Responding to winks online dating was the latest dating site
Among the many people who read and commented on the early drafts are: Andrew J.
Wilson, Stef Pearson, Gav Inglis, Andrew Ferguson, Jack Deighton, Jane Mc Kie, Hannu Rajaniemi, Martin Page, Stephen Christian, Simon Bisson, Paul Fraser, Dave Clements, Ken Mac Leod, Damien Broderick, Damon Sicore, Cory Doctorow, Emmet O'Brien, Andrew Ducker, Warren Ellis, and Peter Hollo.
Manfred is waiting for an invite to a party where he's going to meet a man he can talk to about trading energy for space, twenty-first-century style, and forget about his personal problems. He wraps his throat mike around the cheap black plastic casing, pipes the input to a simple listener process.
He's ignoring the instant messenger boxes, enjoying some low-bandwidth, high-sensation time with his beer and the pigeons, when a woman walks up to him, and says his name: "Manfred Macx? The courier is an Effective Cyclist, all wind-burned smooth-running muscles clad in a paean to polymer technology: electric blue lycra and wasp yellow carbonate with a light speckling of anti collision LEDs and tight-packed air bags. He pauses a moment, struck by the degree to which she resembles Pam, his ex-fiance. She dumps the box in his lap, then she's back over the low wall and onto her bicycle with her phone already chirping, disappearing in a cloud of spread-spectrum emissions. "Are you saying you taught yourself the language just so you could talk to me?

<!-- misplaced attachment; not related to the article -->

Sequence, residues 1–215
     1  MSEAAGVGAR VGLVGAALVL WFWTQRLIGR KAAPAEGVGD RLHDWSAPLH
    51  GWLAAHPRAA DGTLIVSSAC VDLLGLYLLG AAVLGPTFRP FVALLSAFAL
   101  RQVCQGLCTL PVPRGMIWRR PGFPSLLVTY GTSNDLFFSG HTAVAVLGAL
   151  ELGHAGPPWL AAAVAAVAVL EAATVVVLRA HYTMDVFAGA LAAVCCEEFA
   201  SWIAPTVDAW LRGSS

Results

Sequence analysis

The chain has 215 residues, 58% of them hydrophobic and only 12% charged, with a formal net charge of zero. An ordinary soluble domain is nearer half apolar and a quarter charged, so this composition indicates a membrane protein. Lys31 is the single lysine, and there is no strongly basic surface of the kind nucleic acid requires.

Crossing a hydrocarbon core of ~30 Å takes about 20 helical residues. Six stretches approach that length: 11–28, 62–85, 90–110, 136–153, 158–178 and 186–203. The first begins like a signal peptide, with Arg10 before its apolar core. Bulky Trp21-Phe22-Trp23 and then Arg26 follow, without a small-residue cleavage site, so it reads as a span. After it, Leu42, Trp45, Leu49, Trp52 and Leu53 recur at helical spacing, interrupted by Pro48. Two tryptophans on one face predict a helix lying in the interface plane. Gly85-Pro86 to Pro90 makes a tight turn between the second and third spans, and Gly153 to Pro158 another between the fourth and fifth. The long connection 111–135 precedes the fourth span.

(If your name isn't on this list, blame my memory – my neural prostheses are off-line.) I mentioned several friendly editors earlier: I relied on the talented midwifery of Gardner Dozois, who edited Asimov's Science Fiction Magazine at the time, and Sheila Williams, who quietly and diligently kept the wheels rolling.
My agent Caitlin Blasdell had a hand in it too, and I'd like to thank my editors Ginjer Buchanan at Ace and Tim Holman at Orbit for their helpful comments and advice.
"Fucking Cold War hangover losers," he swears under his breath, quite angry, partly at himself for losing his cool and partly at the harassing entity behind the anonymous phone call.
" capitalist spooks." Russia has been back under the thumb of the apparatchiks for fifteen years now, its brief flirtation with anarchocapitalism replaced by Brezhnevite dirigisme and Putinesque puritanism, and it's no surprise that the wall's crumbling – but it looks like they haven't learned anything from the current woes afflicting the United States.
Manfred's whole life is lived on the bleeding edge of strangeness, fifteen minutes into everyone else's future, and he's normally in complete control – but at times like this he gets a frisson of fear, a sense that he might just have missed the correct turn on reality's approach road. Let me get this straight, you claim to be some kind of AI, working for KGB dot RU, and you're afraid of a copyright infringement lawsuit over your translator semiotics?You are human, you must not worry cereal company repossess your small intestine because digest unlicensed food with it, right? Am wishing to defect." Manfred stops dead in the street. State Department is not help us." This is getting just too bizarre.